do in
the library will be assigned to a subject in the classroom for a grade.
Such as we are doing almanacs right now with the 5th graders and a grade
will be put in the teachers grade books for Social Studies and Science. 
It has helped me get the students serious about what I teach them and the
teachers know exactly what I am doing with their students.

I have very similar problems with my 5th grade, but fortunately, I do give
a library grade, which helps.  So far they've gotten really excited about:

R.L. Stine - he has a great website called thenightmareroom.com; has a
great
online story you can print out and read aloud to them; it also has lesson
plans to help them write their own stories.  You could do a contest with a
book, gift certificate, or big candy bar as a prize.  (Mine love candy!)

J.R.R. Tolkien - show the animated "Hobbit" or "LOTR"

J.K. Rowling - I found an online play you could have the students present;
there are also many puzzles and trivia contests available Schwarz - "Scary
Stories to tell in the Dark" series--they love to listen to these!

I also spend some time telling them where and how I got my degree, other
libraries I've worked in, etc.  This helps them to see that I"m not just
an "aide", but a professional.

I also do a collection development lesson, where they're given $100.00
imaginary dollars to spend on any books or videos they want to purchase
for the library. Then I give them all the restrictions:  must buy this
item for a
teacher, principal has requested this, certain percentage must be AR
books, must buy something for each grade level, etc.  It really helps them
to see that our job isn't as easy as they think!

I teach Dewey by giving them a stack of uncatalogued books, a printout of
the 100 Dewey divisions, and then have them try to assign a Dewey number
to each book.  They think they know ALL about Dewey until they have to
actually
assign a number.

You said you only have 5 computers so this may not be what you're looking
for BUT if you can put some of the students on the computers, have them
look at the virtual field trips at Field Trips Site.  There are some trips
on Fierce Creatures, Endangered Species, Sharks, (might keep the rowdy
ones occupied).

http://www.field-trips.org/trips.htm

--------------------------------

 do you do things like book talks, reader's theater, or just plain reading
picture books to them?  You don't always have to present "information"
skills.  That might help to keep their attention even if you only do that
part of the period. I have found that the kids are never too old to be
read to.

 There must have been something in the water supply in 1991-1992(?) as our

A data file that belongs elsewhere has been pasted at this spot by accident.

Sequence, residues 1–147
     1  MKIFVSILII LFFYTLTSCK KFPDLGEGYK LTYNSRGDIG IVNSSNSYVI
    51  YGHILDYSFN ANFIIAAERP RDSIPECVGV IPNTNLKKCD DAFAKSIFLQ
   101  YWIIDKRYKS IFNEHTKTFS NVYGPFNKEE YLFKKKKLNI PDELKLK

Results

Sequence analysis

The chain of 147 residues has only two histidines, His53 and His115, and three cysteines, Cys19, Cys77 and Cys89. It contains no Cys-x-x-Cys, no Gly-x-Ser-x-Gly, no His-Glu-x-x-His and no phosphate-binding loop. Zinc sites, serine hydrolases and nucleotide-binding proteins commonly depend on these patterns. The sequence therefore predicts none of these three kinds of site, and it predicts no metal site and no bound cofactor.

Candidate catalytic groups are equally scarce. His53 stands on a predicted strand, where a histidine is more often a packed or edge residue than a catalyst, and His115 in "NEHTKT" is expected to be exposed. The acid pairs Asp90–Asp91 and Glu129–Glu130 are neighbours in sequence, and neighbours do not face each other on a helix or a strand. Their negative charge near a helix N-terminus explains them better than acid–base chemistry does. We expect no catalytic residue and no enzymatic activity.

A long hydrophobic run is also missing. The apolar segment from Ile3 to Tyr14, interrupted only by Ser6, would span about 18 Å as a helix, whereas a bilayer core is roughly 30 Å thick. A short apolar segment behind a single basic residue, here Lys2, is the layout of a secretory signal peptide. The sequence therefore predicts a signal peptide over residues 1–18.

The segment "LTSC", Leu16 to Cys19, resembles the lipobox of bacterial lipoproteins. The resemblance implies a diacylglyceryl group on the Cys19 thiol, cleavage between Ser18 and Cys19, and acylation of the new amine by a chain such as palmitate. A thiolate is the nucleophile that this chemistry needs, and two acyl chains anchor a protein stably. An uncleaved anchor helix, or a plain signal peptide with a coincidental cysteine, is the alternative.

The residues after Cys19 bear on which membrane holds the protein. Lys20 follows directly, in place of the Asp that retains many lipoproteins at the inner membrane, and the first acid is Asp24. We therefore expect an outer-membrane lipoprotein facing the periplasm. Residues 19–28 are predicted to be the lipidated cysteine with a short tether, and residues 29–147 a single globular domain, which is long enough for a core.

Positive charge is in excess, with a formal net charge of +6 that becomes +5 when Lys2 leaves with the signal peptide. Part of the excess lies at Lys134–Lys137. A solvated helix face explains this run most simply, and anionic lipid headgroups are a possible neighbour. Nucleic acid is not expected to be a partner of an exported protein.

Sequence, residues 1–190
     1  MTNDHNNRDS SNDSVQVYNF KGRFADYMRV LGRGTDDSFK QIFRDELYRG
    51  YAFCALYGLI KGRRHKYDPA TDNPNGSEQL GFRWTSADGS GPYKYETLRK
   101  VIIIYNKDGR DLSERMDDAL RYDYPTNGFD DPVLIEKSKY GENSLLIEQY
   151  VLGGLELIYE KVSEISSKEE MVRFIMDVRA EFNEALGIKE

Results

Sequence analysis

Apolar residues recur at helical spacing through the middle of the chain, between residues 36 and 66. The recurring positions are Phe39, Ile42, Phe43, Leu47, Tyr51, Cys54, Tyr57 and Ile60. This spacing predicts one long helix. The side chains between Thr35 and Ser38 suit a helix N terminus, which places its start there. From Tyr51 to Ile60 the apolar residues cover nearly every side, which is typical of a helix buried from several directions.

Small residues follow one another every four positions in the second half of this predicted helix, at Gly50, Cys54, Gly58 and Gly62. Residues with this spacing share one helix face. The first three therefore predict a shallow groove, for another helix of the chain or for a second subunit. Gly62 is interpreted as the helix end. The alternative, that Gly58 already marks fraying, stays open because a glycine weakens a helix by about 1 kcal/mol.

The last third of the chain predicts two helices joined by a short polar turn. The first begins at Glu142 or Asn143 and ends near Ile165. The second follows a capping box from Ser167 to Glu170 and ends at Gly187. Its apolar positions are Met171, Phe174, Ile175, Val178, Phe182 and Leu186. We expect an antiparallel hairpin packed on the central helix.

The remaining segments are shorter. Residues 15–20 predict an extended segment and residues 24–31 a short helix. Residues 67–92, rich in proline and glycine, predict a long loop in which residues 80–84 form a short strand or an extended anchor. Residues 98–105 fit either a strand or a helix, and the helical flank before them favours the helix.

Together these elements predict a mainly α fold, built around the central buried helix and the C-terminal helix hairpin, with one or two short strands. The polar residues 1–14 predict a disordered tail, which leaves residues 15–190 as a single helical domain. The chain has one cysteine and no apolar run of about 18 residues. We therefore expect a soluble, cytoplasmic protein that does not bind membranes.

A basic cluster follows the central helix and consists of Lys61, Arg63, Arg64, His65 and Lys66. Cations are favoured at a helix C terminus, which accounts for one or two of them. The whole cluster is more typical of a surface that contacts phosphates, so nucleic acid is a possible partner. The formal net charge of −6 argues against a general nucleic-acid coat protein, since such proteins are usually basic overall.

fifth graders this year are also challenging.  They have been that way
since third grade!!! I am also on a fixed schedule.  Classes are 35
minutes, but I only have half a class at a time.  My library is the size
of a classroom and 30 kids just wouldn't fit. As for lessons, I used the
almanac as you did and am now starting on the encyclopedia.  I have three
books that I use for worksheet/direct instruction -- LiBeary 4-6  (I hope
to replace it next year), Hooked on Library Skills, and another
 one specifically for fifth grade who's name escapes me right now.  I am 
at home and cannot "see" the name.  I also will make up my own
encyclopedia scavenger hunt questions.  In addition, the kids like the
Dewey hunt I do.  I write a call number on on index card and then either
in pairs or singles they have to match a book to it.  The student or
students who find the most books in a ten minute period receive a small
prize.  Whatever is very structured with a definite "end" seems to help
with the behavior and control.

A couple of years ago I purchased an AverKey computer to TV  converter. I
sit my kids on the floor in front of the TV and we get on the  internet
and watch Peregrine falcons and go on virtual field trips, etc. I taught
them to use the OPAC this way. I don't use it every time we have library,
but it does seem to hold their attention for 15 minutes or so
 which is about all the time I have for a lesson. With the little ones, I 
have played games on the Arthur website, looked at the falcons, learned
about capybaras (for Hooway for Wodney Wat) and armadillos (Armadillo
Rodeo). If you don't have one already, I highly recommend it!

 How about setting up centers that use encyclopedias.  The kids have a set
 of ten questions (they could work as a team) and then go to 10 different 
encyc. stations two of which could be at the computer with your on-line
one. 
 I've  had the kids look at maps, and find all the states that begin with
the  letter A...go to Antarctica and which countries own what part, etc. 
You could  tie the ten serach questions into the social studies curriculum
at that grade
 level.  One of the best things I ever did was purchase a class set of 
clipboards so that when we have projects like this, they can carry and 
write on their paper successfully.  Hope this helps.  I find the kids stay
on  task and it reinforces both book and computer skills.

 I have 5 good internet computers too which I use for teaching - like you